Book Review: The Polish Boxer

The Polish Boxer by Eduardo Halfon
Bellevue Literary Press 2012

The line between fiction and nonfiction is strangely, sometimes frustratingly, blurred in Eduardo Halfon’s newest book, The Polish Boxer. The novel begins in a Guatemalan college classroom with a narrator also named Eduardo Halfon. This presumably fictionalized characterization of the author is the narrator for the globe spanning length of the collection, jumping from the Guatemalan countryside to a Serbian brothel. While the book’s prose doesn’t always support its intriguing concept, these delicately linked stories defy classification and offer a unique medium where personal writing need not be factual.

The structure of Halfon’s book is puzzling. It is broken up into individual stories, and while most are independent, a fictionalized Halfon narrates them all. The search for heritage is a repeated trope, both within Halfon’s family history and with a pianist/acquaintance, Milan Rakic, in search of his own Gypsy heritage. These two arcs extend across the collection, and are the strongest threads that create a cohesive bond among the stories. In this regard, the eponymous story is the collection’s centerpiece. In this elegant tale, the narrator finally hears the story of his grandfather’s experience in Auschwitz. It’s reserved and simple, matching the halting pace and clear awkwardness of their conversation. The connection between the two characters, bolstered through whisky, is startling in both its intimacy and its reserve. Just like the collection as a whole, the biggest questions posed are left unanswered.

The blurring of what is true versus what is fictionalized is both clear and nuanced. The book is peppered with clues and red herrings for those attempting to parse fact from fiction, starting from the introductory quote from Henry Miller: “I have moved the typewriter into the next room where I can see myself in the mirror as I write.” The narrator in The Polish Boxer is a reflection, perhaps a distortion, of the author’s true self. Both are Guatemalan professors, and both have roots in Judaism. This twilight gives his book a journalistic honesty while evading direct truthfulness. This duality comes to a head in the penultimate story, “A Lecture at Póvoa,” which chronicles Halfon’s attempt to write a lecture on how “literature tears through reality.” Applying to the collection as a whole, the fictionalized Halfon and his experiences transcend reality to make an extremely intimate and introspective book.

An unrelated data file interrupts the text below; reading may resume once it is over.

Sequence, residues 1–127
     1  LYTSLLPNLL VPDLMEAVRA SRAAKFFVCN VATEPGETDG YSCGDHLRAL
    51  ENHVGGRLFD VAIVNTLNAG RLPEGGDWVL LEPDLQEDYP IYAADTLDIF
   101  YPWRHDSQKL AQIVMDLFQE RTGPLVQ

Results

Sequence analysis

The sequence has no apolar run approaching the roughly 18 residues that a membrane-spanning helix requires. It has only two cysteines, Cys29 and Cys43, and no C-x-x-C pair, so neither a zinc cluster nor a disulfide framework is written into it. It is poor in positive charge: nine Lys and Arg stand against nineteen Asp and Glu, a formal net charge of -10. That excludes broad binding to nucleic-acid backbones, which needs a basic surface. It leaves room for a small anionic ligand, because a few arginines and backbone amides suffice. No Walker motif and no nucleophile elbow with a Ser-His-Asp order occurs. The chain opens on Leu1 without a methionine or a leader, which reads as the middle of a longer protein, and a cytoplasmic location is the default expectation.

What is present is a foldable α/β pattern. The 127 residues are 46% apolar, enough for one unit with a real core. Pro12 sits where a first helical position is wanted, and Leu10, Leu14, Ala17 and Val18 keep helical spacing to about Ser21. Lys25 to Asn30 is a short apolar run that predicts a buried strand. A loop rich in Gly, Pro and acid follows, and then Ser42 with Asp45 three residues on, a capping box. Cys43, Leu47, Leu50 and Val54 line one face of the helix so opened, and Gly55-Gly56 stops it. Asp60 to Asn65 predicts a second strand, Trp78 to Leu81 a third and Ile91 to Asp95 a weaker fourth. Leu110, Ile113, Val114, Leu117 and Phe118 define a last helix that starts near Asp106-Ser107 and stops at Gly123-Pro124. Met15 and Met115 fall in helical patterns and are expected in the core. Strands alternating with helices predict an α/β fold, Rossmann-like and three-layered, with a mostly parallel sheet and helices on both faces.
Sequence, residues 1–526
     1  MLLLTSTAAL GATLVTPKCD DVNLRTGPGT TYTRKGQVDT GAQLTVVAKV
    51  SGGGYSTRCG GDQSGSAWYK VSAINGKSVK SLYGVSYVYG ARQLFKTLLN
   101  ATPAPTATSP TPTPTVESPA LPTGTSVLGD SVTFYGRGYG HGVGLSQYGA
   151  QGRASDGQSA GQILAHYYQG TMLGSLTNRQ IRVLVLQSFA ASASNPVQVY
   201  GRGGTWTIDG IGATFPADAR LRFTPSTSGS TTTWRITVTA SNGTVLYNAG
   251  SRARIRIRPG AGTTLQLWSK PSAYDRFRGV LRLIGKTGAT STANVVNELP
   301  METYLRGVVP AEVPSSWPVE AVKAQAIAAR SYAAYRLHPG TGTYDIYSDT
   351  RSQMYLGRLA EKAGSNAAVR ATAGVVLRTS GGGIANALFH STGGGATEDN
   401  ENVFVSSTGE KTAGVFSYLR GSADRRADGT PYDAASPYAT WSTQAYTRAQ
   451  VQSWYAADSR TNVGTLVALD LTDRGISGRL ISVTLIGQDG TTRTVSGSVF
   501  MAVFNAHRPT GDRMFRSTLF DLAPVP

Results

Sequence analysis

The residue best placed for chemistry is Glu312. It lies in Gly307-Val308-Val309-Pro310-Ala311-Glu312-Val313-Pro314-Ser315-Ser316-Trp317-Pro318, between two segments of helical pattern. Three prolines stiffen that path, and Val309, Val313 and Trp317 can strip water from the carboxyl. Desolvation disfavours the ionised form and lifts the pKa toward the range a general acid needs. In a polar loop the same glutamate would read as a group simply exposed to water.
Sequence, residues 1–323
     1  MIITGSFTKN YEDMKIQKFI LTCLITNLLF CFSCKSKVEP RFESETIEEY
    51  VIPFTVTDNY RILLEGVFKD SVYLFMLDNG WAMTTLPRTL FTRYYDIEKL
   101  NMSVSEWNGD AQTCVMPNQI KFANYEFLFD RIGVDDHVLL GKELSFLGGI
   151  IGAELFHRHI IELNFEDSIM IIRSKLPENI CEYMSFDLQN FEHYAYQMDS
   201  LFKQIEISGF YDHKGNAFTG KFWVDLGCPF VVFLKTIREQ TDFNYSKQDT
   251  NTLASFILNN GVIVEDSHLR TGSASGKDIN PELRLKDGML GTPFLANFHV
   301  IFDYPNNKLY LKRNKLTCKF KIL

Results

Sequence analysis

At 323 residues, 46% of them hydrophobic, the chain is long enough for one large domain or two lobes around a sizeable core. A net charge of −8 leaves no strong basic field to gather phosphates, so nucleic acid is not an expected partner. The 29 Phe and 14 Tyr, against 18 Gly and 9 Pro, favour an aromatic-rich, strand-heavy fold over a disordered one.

While the format of Halfon’s book is clearly complex, the narration itself is often bland and monotonous. Despite following the Halfon through several transformative journeys, he seems to stagnate, embodying the same skeptical, cigarette-smoking professor in every story. More, Halfon overemphasizes his descriptions through staccato repetition. When walking through a mysterious building in Sarajevo:

I sighed and thought I heard the echo of my own sigh. Then I thought I heard the scuttling of a rat. Then I thought I heard a shout. Then I thought I heard a bit of music hidden in some distant hissing. But no.

Later down the page:

I had gone beyond language. Beyond any rational concept. Beyond myself. Beyond any understanding of what was happening. Beyond any god or doctrine or gospel or borderline between one thing and another. Just beyond.

These descriptions, unsurprisingly, quickly wear the reader thin. In lighter stories such as “Twaining” and longer stories such as “Pirouette,” the drab writing can be difficult to plow through. It is when Halfon focuses on other characters (his grandfather, the Gypsy pianist, an Israeli he meets at a bar) that the prose feels lively and engaging.

Despite the often-tedious narration, The Polish Boxer remains a fascinating read. While its format and structure may ultimately be stronger than the actual execution, both individual satisfying stories and an overarching connectivity drive the collection forward. While Halfon has published several books in Spanish, The Polish Boxer is his first novel to be translated to English, and it demonstrates his unique, if challenging, new voice. Halfon is pushing the boundaries of fiction, displaying not only the writer’s soul, but also the twisting process of translating life into literature.


Filed under: Book Review, Prose